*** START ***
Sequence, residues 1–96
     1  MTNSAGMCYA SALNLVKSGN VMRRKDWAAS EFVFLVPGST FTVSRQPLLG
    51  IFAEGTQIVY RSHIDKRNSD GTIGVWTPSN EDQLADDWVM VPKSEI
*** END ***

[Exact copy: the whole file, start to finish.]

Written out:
Sequence, residues 1–96
     1  MTNSAGMCYA SALNLVKSGN VMRRKDWAAS EFVFLVPGST FTVSRQPLLG
    51  IFAEGTQIVY RSHIDKRNSD GTIGVWTPSN EDQLADDWVM VPKSEI